Polypyrrole coated gold wires were subjected to consecutive square current waves in LiClO4 aqueous solutions using the same constant anodic and cathodic charge. Parallel in situ diameter variations were followed using a laser scan micrometer. The procedure was repeated by changing one experimental variable every time: applied current, electrolyte concentration or working temperature to perform electrochemodynamical characterization of the system. On average, the diameter follows a linear variation of the consumed charge, as expected for any faradaic system, although a high dispersion was attained in the data. Such deviations were attributed to the presence of irreversible hydrogen evolution at the gold/polypyrrole interface at cathodic potentials more than 0.0 V vs. Ag/AgCl, detected and quantified from separated coulovoltammetric responses. Despite this parallel hydrogen evolution the consumed energy during reactions is a robust sensor of the working conditions. In conclusion a gold support, the metal most used for technological applications of conducting polymers, should be avoided when a device is driven by current flow in the presence of aqueous solutions, water contamination or moisture: a fraction of the charge will be consumed by hydrogen generation with possible degradation of the device.

  • 44.
    Milne, Bruce F.
    et al.
    University of Coimbra, Portugal .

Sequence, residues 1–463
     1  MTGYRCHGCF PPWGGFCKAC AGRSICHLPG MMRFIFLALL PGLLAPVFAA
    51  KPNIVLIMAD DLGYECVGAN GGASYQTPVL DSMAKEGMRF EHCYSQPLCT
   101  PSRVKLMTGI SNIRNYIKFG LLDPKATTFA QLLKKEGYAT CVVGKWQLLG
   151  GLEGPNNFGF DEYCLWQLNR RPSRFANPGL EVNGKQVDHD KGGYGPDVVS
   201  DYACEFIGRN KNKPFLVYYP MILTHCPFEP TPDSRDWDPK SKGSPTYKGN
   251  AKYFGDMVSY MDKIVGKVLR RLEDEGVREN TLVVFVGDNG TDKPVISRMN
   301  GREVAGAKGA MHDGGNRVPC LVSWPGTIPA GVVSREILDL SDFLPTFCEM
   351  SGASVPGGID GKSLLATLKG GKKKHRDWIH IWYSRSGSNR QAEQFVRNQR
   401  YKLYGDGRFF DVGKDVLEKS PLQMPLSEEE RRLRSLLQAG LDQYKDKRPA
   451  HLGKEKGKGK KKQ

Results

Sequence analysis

Norman, Patrick
    Linköping University, Department of Physics, Chemistry and Biology, Computational Physics. Linköping University, The Institute of Technology.
    Nogueira, Fernando
    University of Coimbra, Portugal .
    Cardoso, Claudia
    University of Coimbra, Portugal .
    Marine natural products from the deep Pacific as potential non-linear optical chromophores2013In: Physical Chemistry, Chemical Physics - PCCP, ISSN 1463-9076, E-ISSN 1463-9084, Vol. 15, no 35, p. 14814-14822Article in journal (Refereed)
    Abstract [en]

    Theoretical analysis using quadratic response theory within the time-dependent density functional theory (TDDFT) formalism shows that the dermacozines, a group of phenazine-based compounds isolated from cultures of Dermacoccus abyssi found in the Mariana Trench, possess large first hyperpolarisability (beta) values at common incident laser wavelengths that are highly sensitive to the degree and type of substitution of the core structure. The phenazine moiety is a versatile and tunable chromophore for non-linear optics and this work serves to highlight the potential that (marine) natural products, even those found in the darkest places on the planet, may have for aiding developments in optical materials design.